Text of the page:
As the concept of responsible investing gains traction in the U.S., defined contribution plan sponsors and consultants may be well advised to note the findings of a study released Friday by Calvert Investments.
Employees who had access to responsible investing options in their retirement plans were more satisfied with their employers than those who didn’t, the study found.
The study explored participants’ familiarity with and receptivity to responsible investing. It also looked at how including responsible investing plan options would affect engagement with a company’s plan and attitudes about the employer.
Calvert, a provider of responsible investments, defines RI as investing in companies that are good in terms of environmental stewardship, respect for human rights and strong governance practices.
The research was conducted by 8 Acre Perspective, which polled 1,231 defined contribution retirement plan participants, including 401(k), 403(b) and 457 plan participants, and 295 eligible nonparticipants, between July 29 and Aug. 10.
Plan participants in the study expressed concern about challenges facing society, and wanted to be involved in solving them.
Seventy percent said supporting causes they believed in was an important part of their life, and 87% said they wanted investment options that aligned with their values.
The research showed that 82% of retirement plan participants were likely to select a responsible investment option if one were offered by their plan, and 32% of those interested said they would direct all of their plan contributions to such options.
Millennials, in particular, were more likely to direct all of their plan contributions to responsible investing mutual funds if these were on offer, the survey found.
Fifty-six percent of eligible nonparticipants were also more likely to participate in the plan if it offered a responsible investing option.
For companies that have yet to offer responsible investing options, educating employees can lead to widespread interest among participants in exploring this investment opportunity, researchers found.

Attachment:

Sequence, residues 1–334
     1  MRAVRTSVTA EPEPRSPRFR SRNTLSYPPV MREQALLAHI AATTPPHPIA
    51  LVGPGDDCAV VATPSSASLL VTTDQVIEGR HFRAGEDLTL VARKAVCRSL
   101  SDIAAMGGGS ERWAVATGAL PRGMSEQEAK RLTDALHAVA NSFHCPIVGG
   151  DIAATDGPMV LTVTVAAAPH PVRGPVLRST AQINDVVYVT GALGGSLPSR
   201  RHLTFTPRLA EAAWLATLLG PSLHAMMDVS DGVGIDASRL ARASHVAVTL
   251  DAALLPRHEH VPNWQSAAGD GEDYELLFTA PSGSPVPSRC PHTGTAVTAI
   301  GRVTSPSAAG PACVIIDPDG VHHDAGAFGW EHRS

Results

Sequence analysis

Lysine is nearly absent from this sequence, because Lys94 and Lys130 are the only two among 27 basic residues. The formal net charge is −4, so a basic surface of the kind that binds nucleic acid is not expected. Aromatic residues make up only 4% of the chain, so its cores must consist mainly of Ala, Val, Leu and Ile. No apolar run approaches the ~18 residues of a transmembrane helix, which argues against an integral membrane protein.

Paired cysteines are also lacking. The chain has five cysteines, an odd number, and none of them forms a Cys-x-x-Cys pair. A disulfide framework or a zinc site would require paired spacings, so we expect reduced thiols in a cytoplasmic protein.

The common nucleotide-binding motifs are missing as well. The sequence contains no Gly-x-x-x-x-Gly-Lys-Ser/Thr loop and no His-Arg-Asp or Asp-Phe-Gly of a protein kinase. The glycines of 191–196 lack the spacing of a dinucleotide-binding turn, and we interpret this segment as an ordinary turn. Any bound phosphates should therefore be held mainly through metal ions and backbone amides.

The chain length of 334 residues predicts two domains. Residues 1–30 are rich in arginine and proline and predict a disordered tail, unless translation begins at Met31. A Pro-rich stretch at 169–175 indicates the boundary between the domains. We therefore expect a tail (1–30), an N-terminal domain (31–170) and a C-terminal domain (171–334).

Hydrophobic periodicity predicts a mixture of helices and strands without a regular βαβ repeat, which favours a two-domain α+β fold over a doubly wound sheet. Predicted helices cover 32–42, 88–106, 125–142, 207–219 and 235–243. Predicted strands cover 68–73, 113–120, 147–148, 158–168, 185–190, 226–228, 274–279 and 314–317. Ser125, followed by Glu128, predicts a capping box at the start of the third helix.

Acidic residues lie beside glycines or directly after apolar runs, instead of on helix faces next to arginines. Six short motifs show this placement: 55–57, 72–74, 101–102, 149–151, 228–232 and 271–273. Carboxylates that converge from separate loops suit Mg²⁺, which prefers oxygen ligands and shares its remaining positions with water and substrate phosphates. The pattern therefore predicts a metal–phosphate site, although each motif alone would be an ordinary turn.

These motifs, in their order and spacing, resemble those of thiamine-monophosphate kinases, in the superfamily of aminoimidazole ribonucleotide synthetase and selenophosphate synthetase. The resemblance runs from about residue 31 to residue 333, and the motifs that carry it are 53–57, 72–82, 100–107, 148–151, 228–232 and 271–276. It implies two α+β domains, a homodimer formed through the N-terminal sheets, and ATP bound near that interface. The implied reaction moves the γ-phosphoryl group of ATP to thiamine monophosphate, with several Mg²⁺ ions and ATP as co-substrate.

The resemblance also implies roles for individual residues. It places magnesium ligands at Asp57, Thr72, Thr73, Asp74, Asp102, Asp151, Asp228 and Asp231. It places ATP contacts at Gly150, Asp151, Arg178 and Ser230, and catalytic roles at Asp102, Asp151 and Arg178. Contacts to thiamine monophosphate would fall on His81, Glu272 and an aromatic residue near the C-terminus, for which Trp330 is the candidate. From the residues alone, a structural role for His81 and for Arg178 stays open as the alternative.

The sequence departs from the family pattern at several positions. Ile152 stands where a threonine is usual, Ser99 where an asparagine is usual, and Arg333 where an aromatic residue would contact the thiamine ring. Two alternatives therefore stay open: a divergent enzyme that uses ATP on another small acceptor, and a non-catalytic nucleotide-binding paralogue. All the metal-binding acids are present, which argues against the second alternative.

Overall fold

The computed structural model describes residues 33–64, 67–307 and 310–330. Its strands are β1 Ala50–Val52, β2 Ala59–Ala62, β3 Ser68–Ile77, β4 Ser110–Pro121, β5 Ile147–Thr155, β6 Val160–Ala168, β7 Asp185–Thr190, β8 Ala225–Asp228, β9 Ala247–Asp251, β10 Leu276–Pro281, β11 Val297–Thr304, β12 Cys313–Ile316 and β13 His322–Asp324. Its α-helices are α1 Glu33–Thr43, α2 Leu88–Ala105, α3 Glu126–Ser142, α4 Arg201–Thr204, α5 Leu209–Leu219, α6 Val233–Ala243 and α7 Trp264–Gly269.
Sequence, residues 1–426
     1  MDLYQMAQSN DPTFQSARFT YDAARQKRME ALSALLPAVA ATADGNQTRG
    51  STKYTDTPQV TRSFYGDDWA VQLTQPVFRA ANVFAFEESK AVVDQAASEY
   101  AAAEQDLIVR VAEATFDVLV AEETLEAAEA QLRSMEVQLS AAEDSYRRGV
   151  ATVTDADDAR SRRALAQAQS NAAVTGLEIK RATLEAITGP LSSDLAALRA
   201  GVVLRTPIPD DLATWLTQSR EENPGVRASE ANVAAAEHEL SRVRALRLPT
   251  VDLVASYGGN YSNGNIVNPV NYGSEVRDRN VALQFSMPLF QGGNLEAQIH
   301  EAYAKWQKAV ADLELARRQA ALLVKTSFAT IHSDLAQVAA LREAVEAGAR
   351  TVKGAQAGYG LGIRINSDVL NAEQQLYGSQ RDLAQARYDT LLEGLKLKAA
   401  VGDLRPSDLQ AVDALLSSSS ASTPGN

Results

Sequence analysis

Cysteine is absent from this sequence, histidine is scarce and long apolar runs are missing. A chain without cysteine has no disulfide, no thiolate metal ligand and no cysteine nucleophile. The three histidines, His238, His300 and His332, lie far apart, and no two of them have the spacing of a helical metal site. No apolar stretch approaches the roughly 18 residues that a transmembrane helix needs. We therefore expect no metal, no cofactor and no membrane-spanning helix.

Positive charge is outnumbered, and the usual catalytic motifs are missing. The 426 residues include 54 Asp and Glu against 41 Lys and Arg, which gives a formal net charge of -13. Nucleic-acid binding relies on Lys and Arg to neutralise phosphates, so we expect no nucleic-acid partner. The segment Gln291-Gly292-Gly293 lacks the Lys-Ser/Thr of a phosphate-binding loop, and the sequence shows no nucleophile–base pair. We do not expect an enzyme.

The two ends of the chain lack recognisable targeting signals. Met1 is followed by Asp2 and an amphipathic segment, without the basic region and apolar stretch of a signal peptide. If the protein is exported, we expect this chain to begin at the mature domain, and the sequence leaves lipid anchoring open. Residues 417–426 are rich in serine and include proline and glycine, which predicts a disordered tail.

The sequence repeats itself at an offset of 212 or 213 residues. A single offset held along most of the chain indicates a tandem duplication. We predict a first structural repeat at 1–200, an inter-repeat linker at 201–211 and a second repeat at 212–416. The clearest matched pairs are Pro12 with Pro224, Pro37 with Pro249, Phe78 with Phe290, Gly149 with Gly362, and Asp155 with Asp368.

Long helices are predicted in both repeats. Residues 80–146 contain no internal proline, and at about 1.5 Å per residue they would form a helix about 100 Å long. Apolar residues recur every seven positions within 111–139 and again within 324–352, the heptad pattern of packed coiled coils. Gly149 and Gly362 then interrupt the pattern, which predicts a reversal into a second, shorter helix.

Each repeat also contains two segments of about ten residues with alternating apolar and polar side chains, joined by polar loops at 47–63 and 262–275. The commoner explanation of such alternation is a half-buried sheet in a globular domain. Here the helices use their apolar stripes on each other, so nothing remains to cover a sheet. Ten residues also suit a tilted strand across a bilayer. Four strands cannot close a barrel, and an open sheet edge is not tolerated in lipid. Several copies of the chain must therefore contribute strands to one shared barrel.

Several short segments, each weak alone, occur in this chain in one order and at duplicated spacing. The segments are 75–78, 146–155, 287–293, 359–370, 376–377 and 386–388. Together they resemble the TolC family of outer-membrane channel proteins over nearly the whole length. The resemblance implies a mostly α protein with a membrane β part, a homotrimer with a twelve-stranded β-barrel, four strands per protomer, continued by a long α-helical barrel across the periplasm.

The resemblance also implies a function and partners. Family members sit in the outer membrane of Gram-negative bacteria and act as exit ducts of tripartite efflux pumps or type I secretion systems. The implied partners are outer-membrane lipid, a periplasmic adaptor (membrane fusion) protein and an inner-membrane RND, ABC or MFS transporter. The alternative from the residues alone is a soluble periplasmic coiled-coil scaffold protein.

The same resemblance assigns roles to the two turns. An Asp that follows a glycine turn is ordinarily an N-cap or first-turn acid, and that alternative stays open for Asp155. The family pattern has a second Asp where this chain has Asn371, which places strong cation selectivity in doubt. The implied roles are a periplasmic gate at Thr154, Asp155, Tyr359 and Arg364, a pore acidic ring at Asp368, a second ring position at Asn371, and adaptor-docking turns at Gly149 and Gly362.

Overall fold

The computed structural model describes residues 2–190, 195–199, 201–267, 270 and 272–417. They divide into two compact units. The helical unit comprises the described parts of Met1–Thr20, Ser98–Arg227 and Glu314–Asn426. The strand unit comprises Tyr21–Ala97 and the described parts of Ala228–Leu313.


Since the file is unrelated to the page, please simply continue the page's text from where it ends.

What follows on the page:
After being read a definition of responsible investing, 72% of those polled said they would likely invest in a responsible investing product in the next 12 months.
Millennials, Asian-Americans and African-Americans were most likely to consider responsible investing mutual funds in the upcoming year.
In addition, 47% of participants said they preferred to invest with a firm that specializes in responsible investing rather than a generalist firm.
Some two-thirds of participants assumed that responsible investing funds would be as good as or better than other mutual funds in terms of risk, volatility and performance.
And more than half said they would be willing to pay more for these funds.
In a finding that should put companies on alert, 61% of participants who had responsible investing options available in their plan reported high satisfaction with their employer, compared with 44% who did not have these options.
Those with responsible options were also likelier to recommend the employer.
“These findings give a clear indication to plan sponsors that participants not only want them to offer a responsible investing option, but that by doing so, many plan participants would feel better about the plan and their employer,” Lynne Ford, Calvert’s executive vice president of distribution, said in a statement.
Calvert didn’t explore whether the ability to invest in RI funds made employees happier or the companies that offered them simply were more likely to treat their employees better.
The study also included a Responsible Investment Engagement Index, created from respondents’ ratings of 10 questions. Each respondent could receive a score of zero to 100 based on their individual ratings.
Across all participants, the average score was 62, indicating a positive mindset toward responsible investing, Calvert said in the statement.
Female, millennial and African-American respondents, each with a score of 65, skewed higher than their male (60), generational (Gen X 63, boomer 59) and Caucasian (62) counterparts.
As well, companies with between 500 and 999 employees scored significantly higher on the index than both smaller and larger firms.